While at rest, multiple regions of the brain remain engaged in a highly heritable, stable pattern of activity called the default mode network.
Researchers have found that this network is often disrupted in people with schizophrenia and bipolar disorder, which appear to share underlying genetic causes. This network is often abnormal in their unaffected close relatives, suggesting common genetic roots.
Now researchers at the Yale University School of Medicine and the Institute of Living in Hartford have devised a method to simultaneously identify many genes that play a role in disrupting this network.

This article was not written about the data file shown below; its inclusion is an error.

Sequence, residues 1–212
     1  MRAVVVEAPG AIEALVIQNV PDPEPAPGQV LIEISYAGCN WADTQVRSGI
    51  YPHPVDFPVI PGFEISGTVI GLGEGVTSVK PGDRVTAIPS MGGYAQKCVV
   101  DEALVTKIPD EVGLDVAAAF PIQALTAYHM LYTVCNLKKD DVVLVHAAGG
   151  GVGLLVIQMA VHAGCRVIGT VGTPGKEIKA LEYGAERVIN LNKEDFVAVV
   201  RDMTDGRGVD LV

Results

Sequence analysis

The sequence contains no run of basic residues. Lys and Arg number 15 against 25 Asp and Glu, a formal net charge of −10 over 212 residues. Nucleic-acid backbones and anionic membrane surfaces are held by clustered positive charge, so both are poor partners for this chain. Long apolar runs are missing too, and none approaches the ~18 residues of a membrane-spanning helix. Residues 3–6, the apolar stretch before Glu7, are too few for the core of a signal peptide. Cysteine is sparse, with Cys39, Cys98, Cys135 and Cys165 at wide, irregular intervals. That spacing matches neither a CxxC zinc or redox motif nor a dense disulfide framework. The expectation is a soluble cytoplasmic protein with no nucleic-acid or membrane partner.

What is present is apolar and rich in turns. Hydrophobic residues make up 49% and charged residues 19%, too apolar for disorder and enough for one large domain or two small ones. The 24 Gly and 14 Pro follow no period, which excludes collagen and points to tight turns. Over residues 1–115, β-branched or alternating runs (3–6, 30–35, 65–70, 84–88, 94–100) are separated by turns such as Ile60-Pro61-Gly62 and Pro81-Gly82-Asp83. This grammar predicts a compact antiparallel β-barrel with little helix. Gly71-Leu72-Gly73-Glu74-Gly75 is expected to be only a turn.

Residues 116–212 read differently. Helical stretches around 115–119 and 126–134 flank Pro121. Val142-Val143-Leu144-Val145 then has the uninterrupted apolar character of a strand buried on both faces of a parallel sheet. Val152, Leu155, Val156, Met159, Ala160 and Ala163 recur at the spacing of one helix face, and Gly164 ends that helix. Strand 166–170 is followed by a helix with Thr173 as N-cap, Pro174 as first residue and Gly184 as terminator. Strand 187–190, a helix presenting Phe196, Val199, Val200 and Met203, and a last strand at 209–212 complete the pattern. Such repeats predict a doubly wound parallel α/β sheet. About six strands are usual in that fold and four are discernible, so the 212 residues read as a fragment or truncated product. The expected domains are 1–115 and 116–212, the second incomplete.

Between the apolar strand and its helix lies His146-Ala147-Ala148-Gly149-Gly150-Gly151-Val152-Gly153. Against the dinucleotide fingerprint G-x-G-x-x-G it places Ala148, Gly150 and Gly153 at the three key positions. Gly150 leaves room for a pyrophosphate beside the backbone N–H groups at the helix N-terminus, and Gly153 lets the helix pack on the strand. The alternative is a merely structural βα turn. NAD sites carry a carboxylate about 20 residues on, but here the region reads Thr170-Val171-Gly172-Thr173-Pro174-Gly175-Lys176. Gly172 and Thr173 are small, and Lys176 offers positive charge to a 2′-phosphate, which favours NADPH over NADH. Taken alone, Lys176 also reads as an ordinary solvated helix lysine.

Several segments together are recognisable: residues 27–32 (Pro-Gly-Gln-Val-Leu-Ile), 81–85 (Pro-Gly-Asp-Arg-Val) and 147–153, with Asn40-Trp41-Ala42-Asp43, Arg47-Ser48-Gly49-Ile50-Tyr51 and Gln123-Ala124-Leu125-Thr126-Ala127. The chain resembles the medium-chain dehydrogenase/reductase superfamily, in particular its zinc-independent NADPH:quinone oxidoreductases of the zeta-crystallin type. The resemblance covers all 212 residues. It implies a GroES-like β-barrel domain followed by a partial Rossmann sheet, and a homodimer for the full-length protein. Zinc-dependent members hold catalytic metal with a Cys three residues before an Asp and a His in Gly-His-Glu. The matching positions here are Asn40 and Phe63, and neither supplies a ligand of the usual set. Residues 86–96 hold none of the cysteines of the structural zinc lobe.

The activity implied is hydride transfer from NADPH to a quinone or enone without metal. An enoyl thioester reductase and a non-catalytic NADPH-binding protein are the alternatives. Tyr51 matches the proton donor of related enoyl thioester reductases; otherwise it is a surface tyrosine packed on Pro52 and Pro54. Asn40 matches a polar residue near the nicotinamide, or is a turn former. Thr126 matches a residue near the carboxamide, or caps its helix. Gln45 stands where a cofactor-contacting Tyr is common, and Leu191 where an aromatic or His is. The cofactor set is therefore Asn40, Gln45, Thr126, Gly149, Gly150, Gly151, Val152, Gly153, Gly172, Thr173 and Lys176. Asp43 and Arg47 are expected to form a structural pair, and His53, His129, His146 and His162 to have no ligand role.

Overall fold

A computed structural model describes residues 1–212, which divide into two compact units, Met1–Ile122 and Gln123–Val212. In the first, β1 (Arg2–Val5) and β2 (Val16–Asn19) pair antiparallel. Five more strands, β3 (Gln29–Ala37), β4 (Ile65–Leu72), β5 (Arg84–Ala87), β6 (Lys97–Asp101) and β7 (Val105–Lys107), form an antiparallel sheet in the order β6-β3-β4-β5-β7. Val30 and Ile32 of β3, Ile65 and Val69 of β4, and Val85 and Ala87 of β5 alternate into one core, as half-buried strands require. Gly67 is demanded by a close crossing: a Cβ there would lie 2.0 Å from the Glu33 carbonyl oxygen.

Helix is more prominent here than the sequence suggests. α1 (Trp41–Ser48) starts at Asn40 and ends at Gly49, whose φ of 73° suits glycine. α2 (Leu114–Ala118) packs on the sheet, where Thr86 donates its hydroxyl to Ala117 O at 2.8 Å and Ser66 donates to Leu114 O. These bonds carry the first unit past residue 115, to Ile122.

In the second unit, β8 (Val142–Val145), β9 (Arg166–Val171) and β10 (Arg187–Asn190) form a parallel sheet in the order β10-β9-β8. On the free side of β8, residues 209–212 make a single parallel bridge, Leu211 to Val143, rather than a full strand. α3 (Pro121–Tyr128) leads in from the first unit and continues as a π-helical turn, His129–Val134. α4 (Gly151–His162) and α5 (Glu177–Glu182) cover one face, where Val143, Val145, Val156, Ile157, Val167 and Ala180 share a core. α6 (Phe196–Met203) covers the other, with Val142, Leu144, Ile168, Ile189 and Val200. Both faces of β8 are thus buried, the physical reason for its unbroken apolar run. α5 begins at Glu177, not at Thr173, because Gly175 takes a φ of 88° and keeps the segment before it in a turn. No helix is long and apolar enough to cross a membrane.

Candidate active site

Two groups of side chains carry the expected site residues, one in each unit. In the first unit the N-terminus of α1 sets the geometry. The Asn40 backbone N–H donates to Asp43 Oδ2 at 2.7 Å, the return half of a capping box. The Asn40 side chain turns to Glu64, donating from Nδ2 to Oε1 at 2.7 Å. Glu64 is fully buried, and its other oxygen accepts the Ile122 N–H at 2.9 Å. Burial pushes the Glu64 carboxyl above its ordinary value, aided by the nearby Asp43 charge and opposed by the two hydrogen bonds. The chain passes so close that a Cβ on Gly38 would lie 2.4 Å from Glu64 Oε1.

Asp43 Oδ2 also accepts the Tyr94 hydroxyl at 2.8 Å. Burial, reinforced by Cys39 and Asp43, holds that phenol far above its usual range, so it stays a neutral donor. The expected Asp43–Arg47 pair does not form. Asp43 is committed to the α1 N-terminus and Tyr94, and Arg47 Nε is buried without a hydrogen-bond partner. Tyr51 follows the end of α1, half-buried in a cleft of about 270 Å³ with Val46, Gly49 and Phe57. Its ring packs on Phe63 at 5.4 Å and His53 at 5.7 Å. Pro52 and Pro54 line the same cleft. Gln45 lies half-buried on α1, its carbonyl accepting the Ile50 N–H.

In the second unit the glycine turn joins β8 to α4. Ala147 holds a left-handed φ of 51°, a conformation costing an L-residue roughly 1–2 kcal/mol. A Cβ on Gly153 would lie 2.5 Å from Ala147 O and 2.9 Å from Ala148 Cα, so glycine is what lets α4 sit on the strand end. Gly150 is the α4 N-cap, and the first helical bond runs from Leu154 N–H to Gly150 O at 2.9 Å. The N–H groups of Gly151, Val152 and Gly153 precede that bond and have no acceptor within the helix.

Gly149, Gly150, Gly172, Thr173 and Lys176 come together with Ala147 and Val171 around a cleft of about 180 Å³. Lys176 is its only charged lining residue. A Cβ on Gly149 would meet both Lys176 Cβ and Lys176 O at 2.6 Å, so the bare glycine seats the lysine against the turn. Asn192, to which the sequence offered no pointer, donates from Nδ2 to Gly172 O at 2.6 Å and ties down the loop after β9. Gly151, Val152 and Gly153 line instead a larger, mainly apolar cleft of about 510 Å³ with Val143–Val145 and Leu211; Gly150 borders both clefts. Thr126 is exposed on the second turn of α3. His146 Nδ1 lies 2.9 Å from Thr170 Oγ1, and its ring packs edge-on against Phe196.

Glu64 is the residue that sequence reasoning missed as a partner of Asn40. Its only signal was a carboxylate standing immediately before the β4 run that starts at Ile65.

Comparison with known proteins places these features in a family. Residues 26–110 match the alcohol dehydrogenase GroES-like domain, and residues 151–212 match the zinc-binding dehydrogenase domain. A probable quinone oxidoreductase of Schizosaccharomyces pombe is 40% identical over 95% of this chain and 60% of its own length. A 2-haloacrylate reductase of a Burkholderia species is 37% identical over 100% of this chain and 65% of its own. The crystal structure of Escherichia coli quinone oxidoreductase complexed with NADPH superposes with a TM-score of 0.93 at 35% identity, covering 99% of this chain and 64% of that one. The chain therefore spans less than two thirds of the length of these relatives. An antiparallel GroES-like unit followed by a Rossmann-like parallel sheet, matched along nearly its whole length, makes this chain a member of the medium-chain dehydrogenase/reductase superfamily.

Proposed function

"Previous studies have identified small numbers of different genes which each contribute in a small way to schizophrenia and bipolar disorder but tell us little overall about the development of psychosis in an individual," said Godfrey Pearlson, professor of psychiatry and neurobiology and senior author of the study.
"Now we have begun to identify markers for these conditions that consist of hundreds of such genes acting simultaneously in recognized pathways that will eventually help in our designing novel ways to intervene in the disease process."
The study was published April 28 in the Proceedings of the National Academy of Sciences.
Explore further: Most powerful genetic study of psychosis to date
The complete study is available online: m.pnas.org/content/early/2014/04/25/1313093111.full.pdf